The process of developing new license conditions may necessarily require upgrades to facilities to bring them in line with modern environmental laws and attendant regulations. This makes the licensing process rigorous, and rightfully so. Upgrading dams last licensed decades ago so they adhere to the environmental standards that Americans expect and rely upon may be complicated, as the state, federal, and tribal governments have slightly different, although aligned, interests in protecting water quality, wildlife, and recreational opportunities. However, updating the license conditions is critical; many of the people evaluating applications for relicensing were not alive when the last license was issued. Furthermore, improvements in science and technology enable harmful effects of hydroelectric processes to successfully mitigated, as long as the process is committed to preventing unnecessary harm.
When legislating improvements to hydroelectric licensing, the response should not be to address challenges by removing from states, tribes, and the federal government the ability to evaluate the impact of the project on the world around it, as H.R. 8 does. Further, legislative improvements should not unnecessarily involve political appointees in the White House, upend the administrative law process to benefit only the applicant for a license, drag out fact-finding and determinative proceedings, or require more work from overburdened resource agencies to provide reports attempting the qualify the loss of energy production capacity due to ensuring the continued supply (or restoration of) wildlife habitat and clean drinking water, as S. 2012 does.
In the name of reform, the provisions included in H.R. 8 and S. 2012 give preferential treatment to electric utilities at the expense of other statutorily recognized, legitimate parties to licensing proceedings. These drafting decisions were made either spontaneously or at the behest of the electric utilities and project owners who would rather eliminate the parts of the process that enable all the users of the river to participate the in licensing. Whether the decision to wade into hydroelectric regulation was based on good or bad intentions, it is clear to us that most of the stakeholders—the states, tribes, federal agencies, conservationists, sportsmen, irrigators, agricultural producers, and even FERC—were not included. No “improvements” to the process are possible without the involvement of all those the current law recognizes as having a stake in the process.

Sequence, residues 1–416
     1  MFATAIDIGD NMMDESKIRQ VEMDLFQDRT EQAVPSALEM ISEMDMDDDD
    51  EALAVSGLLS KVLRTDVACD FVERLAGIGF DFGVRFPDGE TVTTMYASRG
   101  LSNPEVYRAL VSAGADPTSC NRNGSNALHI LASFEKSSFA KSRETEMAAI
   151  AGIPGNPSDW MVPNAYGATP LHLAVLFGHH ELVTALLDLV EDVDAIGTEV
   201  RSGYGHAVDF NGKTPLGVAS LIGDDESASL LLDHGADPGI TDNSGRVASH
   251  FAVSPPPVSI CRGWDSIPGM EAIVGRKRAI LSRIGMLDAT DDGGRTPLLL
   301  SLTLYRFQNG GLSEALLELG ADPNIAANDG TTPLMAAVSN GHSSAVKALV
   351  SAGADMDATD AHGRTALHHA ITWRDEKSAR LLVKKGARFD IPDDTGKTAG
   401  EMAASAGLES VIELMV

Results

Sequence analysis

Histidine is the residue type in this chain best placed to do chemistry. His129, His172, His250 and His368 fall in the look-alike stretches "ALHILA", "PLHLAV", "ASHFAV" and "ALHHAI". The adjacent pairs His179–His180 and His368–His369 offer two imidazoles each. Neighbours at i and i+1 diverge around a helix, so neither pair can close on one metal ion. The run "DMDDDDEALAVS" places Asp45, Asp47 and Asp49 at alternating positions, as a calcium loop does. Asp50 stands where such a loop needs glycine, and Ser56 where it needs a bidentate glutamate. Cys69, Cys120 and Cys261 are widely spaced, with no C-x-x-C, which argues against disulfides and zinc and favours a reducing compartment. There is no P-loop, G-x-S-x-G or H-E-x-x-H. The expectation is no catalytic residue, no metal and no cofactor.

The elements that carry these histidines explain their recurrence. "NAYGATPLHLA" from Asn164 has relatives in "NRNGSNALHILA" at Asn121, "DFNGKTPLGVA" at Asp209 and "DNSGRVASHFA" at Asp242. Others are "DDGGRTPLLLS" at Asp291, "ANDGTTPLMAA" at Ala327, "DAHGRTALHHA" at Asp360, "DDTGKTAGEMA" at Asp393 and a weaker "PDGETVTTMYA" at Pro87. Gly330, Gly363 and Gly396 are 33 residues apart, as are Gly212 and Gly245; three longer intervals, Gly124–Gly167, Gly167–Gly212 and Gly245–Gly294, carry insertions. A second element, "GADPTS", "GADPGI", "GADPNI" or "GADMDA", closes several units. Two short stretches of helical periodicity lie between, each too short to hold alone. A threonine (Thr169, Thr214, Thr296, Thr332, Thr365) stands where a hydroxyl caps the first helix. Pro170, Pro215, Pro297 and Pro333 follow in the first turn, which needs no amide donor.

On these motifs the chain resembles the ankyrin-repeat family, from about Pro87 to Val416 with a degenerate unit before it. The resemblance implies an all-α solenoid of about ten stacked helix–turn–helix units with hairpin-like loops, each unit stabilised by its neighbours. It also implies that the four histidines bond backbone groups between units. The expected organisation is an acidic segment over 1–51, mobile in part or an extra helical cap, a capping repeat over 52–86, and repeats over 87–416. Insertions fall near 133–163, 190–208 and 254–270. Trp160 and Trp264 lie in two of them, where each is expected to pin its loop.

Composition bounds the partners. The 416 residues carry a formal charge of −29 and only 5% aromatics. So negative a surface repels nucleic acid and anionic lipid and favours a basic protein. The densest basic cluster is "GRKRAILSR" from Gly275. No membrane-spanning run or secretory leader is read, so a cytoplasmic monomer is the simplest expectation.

The single genuine improvement contained in the Senate language of S. 2012 is the portion of sec. 3001(i) amending sec. 34 of the Federal Power Act, giving states the ability to determine when an application for a clean water certification is complete. This provision would prevent those less scrupulous project operators who game the system by relying on their guaranteed annual license from acting in bad faith during the state’s Clean Water Act review process. While the pilot process outlined in Sec. 3001(j) could have the potential to vastly improve water quality, habitat, and wildlife populations, it is unlikely that licensees of varying identities and objectives would submit to have their dams considered with their neighbor.
CRWC believes there are genuine areas for improvement in the hydrolicensing process. Legislating these improvements requires Congressional oversight and investigation as well as the active involvement of all our rivers’ stakeholders, not simply the electric utilities. The current process, while imperfect, allows all stakeholders to be involved, and for the vagaries and character of each river and watershed to be considered. Please reject H.R. 8 and S. 2012 and continue this conversation in the next Congress. CRWC will be happy to explain our role in managing our river and help you improve licensing as best we can.
On behalf of the Connecticut River,
David Deen, River Steward
Cc Senator Patrick Leahy
Senator Lisa Murkowski
Senator Maria Cantwell
Senator Kelly Ayotte
Senator Jean Shaheen
Representative Fred Upton
Representative Frank Pallone, Jr.
Representative Ann Kuster